Six Bomb Boards Feature: Bryce Oquaye

Throughout April Octane is celebrating the 10th anniversary of Kentucky’s elite group of comic art creators, the SIX BOMB BOARDS. Get to know them and celebrate with them on Avengers Day at the SIX BOMB BOARDS LIVEART CON AT MOVIE TAVERN APRIL 27, 2019 FROM NOON TO 8PM.

Your name: 
Bryce Oquaye

Where do you live: 
I’m originally from Queens, NY but I also went to high school in Richmond, KY

Your current / past project(s):
Some comics I worked on are Herman has Superpowers for the Webcomic Factory, BRAWL! which I self published, Wardens Watch, and I have a upcoming comic for the summer called Kaiju Killer Dante

I’ve worked on Marvel cards for Upper Deck and I’ve done design work for companies like ZOX.

Website for readers to find out more about you:
Twitter: @mrmad100s
Website: bryceoquayeart.com

When did you first decide that you wanted to create your own comics as a career?

Pretty young actually. I remember reading Spiderman and Appleseed as a kid and thinking that I wanted to tell stories too. I don’t think I actually took the steps to really learning how to do it until I was a bit older, but I always had the goal in mind.

Who has had the biggest influence on you outside the comics industry, and how did they affect your life?

I think the biggest influence on me is my mother. She worked really hard and showed me what hustle can do for a person that refuses to quit. I can’t say that I’ve seen anyone work the way she does. That’s why I don’t mind to lose sleep!

Who has had the biggest influence on your comics career, and how has that person changed your work?

Wow, this is a tough one! I’d say my biggest influences as an illustrator have been Lesean Thomas (Boondocks, Cannonbusters) and cats like Joe Mad and Damian Scott. Lesean Thomas’s journey has been really dope to see over the years. I’ve always leaned towards more stylized and animation inspired work, so seeing cats like them beast out inspires me to go nuts!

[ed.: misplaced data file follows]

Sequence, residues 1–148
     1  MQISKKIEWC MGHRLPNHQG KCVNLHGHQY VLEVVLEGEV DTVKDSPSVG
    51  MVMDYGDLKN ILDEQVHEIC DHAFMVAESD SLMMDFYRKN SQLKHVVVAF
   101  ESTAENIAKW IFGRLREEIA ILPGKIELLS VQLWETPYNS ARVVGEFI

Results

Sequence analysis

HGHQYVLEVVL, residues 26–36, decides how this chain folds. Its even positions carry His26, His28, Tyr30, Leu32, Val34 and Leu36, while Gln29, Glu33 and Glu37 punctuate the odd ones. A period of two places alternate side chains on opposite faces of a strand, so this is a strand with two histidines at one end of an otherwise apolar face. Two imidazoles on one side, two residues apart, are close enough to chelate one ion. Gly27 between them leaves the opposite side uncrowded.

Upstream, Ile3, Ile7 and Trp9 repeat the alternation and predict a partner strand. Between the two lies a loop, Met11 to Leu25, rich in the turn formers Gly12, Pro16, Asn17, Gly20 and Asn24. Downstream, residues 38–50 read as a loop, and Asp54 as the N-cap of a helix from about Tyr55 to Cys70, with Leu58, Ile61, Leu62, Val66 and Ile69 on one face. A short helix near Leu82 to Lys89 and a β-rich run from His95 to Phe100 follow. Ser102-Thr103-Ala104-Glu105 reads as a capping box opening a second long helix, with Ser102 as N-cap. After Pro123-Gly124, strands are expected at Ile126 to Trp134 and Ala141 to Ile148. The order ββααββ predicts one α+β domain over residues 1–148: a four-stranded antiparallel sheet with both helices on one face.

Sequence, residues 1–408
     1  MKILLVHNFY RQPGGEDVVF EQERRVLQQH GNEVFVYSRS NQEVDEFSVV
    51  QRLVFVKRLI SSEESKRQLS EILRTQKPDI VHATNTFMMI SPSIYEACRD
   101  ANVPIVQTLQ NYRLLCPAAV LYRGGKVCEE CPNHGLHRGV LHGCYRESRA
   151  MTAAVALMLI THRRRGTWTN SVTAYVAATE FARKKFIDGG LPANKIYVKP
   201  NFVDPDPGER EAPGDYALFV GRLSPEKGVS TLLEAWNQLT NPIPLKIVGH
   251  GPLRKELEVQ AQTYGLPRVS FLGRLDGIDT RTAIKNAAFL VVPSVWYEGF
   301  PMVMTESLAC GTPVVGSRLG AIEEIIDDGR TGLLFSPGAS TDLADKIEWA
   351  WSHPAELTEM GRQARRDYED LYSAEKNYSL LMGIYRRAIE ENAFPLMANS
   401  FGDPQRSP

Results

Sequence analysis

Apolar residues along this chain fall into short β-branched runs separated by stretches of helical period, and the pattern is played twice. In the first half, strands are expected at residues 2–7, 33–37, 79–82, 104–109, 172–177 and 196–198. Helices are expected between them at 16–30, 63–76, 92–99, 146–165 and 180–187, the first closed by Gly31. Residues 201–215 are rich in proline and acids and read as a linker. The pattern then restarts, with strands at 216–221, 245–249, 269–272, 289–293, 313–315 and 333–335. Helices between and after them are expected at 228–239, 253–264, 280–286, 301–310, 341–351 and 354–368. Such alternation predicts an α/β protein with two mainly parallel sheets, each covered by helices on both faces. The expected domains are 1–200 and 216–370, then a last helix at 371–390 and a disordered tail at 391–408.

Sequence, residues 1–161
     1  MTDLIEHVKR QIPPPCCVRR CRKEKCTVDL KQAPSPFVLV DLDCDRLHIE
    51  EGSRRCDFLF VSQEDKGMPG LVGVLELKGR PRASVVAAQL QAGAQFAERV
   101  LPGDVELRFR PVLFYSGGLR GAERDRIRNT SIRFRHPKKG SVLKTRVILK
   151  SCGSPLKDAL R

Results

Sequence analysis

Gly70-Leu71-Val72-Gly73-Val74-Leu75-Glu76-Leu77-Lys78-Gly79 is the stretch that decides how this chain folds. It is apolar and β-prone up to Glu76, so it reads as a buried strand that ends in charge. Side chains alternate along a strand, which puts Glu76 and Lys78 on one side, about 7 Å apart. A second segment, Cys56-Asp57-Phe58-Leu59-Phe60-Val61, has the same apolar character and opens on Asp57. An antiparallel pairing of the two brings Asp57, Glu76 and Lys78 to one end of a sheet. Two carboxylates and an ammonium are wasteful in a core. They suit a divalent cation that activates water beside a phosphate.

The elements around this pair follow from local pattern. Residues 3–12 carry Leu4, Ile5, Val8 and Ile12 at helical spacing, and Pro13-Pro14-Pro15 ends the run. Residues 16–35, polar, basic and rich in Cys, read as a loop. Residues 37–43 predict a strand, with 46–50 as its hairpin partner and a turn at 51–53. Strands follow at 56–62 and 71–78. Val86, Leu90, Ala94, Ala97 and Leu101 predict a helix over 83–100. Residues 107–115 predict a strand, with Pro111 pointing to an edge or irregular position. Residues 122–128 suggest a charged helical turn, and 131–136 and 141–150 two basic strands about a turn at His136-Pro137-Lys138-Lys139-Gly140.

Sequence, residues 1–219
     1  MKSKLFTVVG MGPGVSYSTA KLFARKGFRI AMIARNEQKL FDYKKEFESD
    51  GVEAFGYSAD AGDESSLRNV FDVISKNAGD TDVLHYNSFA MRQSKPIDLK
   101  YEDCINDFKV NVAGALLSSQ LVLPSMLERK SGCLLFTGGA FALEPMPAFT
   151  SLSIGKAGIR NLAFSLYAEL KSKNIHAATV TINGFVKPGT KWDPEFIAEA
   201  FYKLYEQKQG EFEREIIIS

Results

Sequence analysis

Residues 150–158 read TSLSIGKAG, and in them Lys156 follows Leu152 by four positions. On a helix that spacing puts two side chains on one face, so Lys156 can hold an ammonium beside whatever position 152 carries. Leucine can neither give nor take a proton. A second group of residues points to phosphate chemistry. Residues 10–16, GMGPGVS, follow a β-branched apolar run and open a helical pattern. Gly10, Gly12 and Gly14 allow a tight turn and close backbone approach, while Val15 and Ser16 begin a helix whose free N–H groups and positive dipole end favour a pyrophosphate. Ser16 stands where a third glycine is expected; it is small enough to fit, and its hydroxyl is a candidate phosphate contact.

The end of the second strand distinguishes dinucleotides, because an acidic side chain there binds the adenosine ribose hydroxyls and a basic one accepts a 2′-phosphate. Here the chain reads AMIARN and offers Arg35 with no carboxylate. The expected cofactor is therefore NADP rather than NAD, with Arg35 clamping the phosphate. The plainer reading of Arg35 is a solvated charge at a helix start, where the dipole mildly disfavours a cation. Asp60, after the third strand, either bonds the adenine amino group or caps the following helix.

What do you do to recharge your creative batteries?

Read new comics, check out new and some of my favorite artists, play video games, and run around with my kids. They always have the best stories to tell!

Describe your typical work routine.

I have to have music! I queue up my playlists and start to sketch random whatevers for a while. Then, I usually pick a task and start to zoom in on that. I like to start with more conceptual things like storyboards and designs and then I move on to doing more finished work and line art after I’ve warmed up. In the end, I usually eat some snacks and celebrate my artistic victory by Milly Rockin over my drafting table.

What tools do you use to create comics and what makes them the “right tools” for you?

I used to work only digitally, but then when I became more comfortable as an artist I started to lean into more traditional work. Now, I have a mix of both depending on the gig. Digitally I use Clip Studio Paint and Photoshop for cleaning line art and coloring. I like to do my line art traditionally.

What element of your work gives you the most personal satisfaction?

When I can look at the finished product and see where all the time went!

What has been the most rewarding project in your professional career – in or out of comics – and why?

When I finished the mural for Atomic Ramen. The responses and reactions to it made me really proud. It really pushed me forward as a creator.

We’ve seen very talented newcomers who are trying to get their first professional projects. What’s the best advice you’ve ever heard given to a promising new creator?

Keep doing what you do. Make what you want and do it however you want to. Your audience will find you.

– Justin Stewart. Six Bomb Boards Founder / Comic Artist

Let’s get deep: What’s the most important “big idea” that you’ve learned in life – in or out of comics – and why is it important?

That no one can box you in or keep you from doing anything you want to accomplish. I’ve heard a lot of people tell me over the years that what I do or aspire towards wasn’t for me. It’s because there weren’t many people that looked like myself in the conversations, and that’s both creatively and in the materials themselves.

Over time I learned that no one can tell me what I can’t do. If you push forward through whatever difficulties come up, you can do what you want.

Don’t quit when things get difficult and learn from your mistakes, but NEVER let anyone or anything dictate what you want to do.

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Creative, multi-business owner, published author, wife and mom of 3. Book Danielle to speak at www.daniellemeadowsstinnett.com.

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